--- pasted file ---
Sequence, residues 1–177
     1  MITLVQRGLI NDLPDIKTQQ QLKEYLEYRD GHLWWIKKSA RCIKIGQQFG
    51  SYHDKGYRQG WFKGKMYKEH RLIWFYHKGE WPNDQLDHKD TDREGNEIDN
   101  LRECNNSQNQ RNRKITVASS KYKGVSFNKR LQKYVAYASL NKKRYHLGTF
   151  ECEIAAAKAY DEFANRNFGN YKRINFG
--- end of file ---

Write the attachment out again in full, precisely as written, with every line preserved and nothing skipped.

Sequence, residues 1–177
     1  MITLVQRGLI NDLPDIKTQQ QLKEYLEYRD GHLWWIKKSA RCIKIGQQFG
    51  SYHDKGYRQG WFKGKMYKEH RLIWFYHKGE WPNDQLDHKD TDREGNEIDN
   101  LRECNNSQNQ RNRKITVASS KYKGVSFNKR LQKYVAYASL NKKRYHLGTF
   151  ECEIAAAKAY DEFANRNFGN YKRINFG